Malinda <I>White</I> Driggs

Photo added by genienuts 1976

Malinda White Driggs

  • Birth 5 Sep 1826 Chester, Windsor County, Vermont, USA
  • Death 7 May 1906
  • Burial Harrison County, Iowa, USA
  • Memorial ID 9341299

OBITUARY

Mrs. Malinda Nhite Driggs was born September 5th, l826 in Chester, Vermont. From which place she moved with her parents to Kirkland Mo. where she united with the church of the Later Day Saints, at the age of eleven years. She marched from Kirkland to Nauvoo, Ill. in 1841 where she was married to Lorenzo D. Driggs, a member of the same church, on November 10, 1845. They left Nauvoo in the summer of 1846 and travelled to Missouri by ox team, the first child being born on the way. They arrived at Independence Mo. in the fall of 1846 and staved there that winter, moving to Kaneville near Co. Bluffs, Ia in the spring of 1846 here the second and third children Don aud Jeremiah, were born. The family moved to Little Sioux in the spring of 1852, where they stayed one year and where the fourth child, Lorenzo was born. They moved into Monona county in the srping of 1853 where three other children, Charles, Caroline and Harrison, were born. They moved from to a farm near Little Sioux now known as the old Murray farm, where they lived for nine years, during which time Mr. Driggs joined the union army and served in the civil war. In 1869 Mr. Driggs sold his farm to Col. Cochran and moved to Onawa, Iowa, and from there to Soldier Valley where Mr. Driggs brought a farm. They lived here for two years and then moved to Sioux township where Mr. Driggs purchased the farm now known as the old Driggs farm, where the family lived until Mr. Driggs’ death which occurred in January l880. Mrs. Driggs then moved to Little Sioux where she lived until her death, on Monday May 7, 1906.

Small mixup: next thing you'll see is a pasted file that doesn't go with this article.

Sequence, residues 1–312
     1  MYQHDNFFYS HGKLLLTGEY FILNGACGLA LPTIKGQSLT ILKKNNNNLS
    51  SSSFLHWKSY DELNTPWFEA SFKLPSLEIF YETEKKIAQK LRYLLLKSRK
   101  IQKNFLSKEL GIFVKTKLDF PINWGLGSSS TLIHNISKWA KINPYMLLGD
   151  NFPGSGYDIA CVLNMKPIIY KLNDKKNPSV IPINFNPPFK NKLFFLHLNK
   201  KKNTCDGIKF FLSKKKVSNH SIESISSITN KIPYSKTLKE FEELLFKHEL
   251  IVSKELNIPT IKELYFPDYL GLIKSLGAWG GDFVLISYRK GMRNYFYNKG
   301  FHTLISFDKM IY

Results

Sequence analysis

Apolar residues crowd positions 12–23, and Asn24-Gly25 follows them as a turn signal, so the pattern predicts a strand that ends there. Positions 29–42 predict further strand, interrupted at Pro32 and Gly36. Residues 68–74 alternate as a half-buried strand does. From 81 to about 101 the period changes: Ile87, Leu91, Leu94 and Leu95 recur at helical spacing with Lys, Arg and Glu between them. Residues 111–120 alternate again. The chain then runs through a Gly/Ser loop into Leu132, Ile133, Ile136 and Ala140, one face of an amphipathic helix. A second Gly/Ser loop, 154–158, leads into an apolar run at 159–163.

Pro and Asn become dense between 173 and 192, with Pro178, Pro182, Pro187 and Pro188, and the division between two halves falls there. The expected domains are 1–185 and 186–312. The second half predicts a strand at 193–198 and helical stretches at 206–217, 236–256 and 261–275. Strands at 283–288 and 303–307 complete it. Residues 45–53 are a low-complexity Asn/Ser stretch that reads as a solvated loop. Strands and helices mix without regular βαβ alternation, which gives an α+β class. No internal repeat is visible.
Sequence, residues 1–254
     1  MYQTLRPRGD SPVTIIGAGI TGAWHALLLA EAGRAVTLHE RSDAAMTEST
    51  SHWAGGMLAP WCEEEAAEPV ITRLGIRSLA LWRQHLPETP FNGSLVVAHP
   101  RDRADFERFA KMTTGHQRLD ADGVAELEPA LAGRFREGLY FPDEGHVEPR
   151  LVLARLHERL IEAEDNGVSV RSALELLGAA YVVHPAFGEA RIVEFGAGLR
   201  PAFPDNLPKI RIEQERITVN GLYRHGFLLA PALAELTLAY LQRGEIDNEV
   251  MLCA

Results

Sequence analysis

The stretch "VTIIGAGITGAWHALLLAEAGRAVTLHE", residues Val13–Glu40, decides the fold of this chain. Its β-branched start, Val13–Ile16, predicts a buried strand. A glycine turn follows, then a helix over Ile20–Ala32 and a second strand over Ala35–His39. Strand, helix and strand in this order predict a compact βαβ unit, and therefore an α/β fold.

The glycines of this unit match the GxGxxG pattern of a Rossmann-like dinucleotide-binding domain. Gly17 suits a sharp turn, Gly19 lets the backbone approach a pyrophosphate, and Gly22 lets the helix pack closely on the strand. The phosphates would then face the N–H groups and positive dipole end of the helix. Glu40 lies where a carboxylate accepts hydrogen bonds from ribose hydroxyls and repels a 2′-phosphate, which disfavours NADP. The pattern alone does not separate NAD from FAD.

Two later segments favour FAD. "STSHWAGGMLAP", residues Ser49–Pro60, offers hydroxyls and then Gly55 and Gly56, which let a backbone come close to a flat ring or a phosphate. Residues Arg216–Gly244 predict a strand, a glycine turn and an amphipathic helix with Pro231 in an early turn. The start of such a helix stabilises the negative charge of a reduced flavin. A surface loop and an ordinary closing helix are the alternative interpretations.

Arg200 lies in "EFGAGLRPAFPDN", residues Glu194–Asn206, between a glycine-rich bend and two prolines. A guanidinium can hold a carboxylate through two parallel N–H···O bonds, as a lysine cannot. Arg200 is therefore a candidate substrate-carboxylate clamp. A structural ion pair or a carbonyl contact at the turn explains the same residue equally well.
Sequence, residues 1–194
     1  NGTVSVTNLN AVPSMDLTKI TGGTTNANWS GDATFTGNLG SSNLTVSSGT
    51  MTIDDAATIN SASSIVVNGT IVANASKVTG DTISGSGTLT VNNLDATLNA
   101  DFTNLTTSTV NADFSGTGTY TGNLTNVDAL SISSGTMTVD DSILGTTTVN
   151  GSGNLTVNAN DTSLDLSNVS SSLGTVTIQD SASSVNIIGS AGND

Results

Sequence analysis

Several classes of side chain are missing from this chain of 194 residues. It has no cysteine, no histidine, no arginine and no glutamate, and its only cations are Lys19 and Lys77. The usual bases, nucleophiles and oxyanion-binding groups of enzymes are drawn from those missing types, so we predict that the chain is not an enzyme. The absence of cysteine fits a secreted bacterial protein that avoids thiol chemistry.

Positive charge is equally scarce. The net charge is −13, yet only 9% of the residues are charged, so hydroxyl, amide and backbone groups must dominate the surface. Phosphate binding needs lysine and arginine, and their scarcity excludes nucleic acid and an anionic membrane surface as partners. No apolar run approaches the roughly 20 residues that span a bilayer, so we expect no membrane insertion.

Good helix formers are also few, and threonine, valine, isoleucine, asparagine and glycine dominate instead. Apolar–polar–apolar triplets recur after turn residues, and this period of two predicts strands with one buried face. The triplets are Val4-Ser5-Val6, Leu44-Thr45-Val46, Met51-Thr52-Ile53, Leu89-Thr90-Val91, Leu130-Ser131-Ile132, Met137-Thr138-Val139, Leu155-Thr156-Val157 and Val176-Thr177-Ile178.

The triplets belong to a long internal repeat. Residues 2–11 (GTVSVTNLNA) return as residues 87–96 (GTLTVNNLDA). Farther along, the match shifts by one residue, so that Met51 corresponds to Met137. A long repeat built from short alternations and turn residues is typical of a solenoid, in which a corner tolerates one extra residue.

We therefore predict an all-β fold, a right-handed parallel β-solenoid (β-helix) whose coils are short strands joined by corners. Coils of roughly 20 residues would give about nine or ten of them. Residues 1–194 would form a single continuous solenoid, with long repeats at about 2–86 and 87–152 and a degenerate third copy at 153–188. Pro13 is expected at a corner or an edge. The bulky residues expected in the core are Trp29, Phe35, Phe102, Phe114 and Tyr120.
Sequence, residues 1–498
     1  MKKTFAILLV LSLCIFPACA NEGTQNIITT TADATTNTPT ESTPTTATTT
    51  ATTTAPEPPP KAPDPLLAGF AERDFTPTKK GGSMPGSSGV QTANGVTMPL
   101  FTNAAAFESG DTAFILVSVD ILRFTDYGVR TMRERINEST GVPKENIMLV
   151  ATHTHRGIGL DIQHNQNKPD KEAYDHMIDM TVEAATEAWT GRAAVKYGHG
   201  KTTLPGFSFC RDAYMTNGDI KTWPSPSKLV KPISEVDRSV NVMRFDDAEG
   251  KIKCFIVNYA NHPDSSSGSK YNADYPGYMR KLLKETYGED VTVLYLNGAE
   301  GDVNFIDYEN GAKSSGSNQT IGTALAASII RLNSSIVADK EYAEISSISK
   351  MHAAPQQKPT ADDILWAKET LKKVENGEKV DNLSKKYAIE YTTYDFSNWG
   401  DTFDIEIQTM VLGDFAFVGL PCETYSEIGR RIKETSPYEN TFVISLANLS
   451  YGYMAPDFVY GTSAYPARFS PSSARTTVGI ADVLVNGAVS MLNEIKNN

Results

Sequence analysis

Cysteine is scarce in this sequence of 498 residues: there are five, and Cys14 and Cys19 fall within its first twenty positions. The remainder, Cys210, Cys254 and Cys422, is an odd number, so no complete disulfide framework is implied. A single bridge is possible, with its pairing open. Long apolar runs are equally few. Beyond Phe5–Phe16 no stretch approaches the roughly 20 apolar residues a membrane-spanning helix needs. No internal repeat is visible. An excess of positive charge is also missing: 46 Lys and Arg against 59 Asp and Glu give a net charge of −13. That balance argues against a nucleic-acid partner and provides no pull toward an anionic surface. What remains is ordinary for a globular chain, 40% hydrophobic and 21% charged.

She leaves a numerous family to mourn her death. Don, Lorenzo, Chas., Harrison Driggs and Mrs. Caroline Foster are surviving children, from which there are twenty-seven grand children and six great grand children.

She was a woman of exemplary character, a good wife and loving mother.

She reared her family though hardships of frontier life having come out to the frontier when indian massacres were common and neighbors were far and few between and even the necessaries of life were hard to get.

Through all the hardship of this frontier life she was brave and courageous fearing nothing yet withall she was tender, kind hearted and true.

She had lofty ideas of right and did not hesitate to proclaim them.

The hungry and destitute never appealed to her in vain. White man or indian were treated with kindness.

She sheltered the homeless even when her own scanty resources taxed her to the utmost to provide food and raiment for her family. She is gone. Her labors are over. She will reap in heaven the reward she has so justly earned.

The funeral services were conducted at the home by Rev. A. L. Curtis at 10 a. m. Wednesday May 9, 1906 and the body laid to rest in the Little Sioux cemetery.

source of obituary (verbatim transcription, including bad grammar, incorrect cemetery, misspelled maiden name and text): Little Sioux Hustler (Little Sioux, Iowa), May 11, 1906, page 7, columns 1 and 2


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  • Maintained by: Our Family
  • Originally Created by: Bev
  • Added: 20 Aug 2004
  • Find A Grave Memorial 9341299
  • Find A Grave, database and images (https://www.findagrave.com : accessed ), memorial page for Malinda White Driggs (5 Sep 1826–7 May 1906), Find A Grave Memorial no. 9341299, citing Fountainbleau Cemetery, Harrison County, Iowa, USA ; Maintained by Our Family (contributor 48825642) .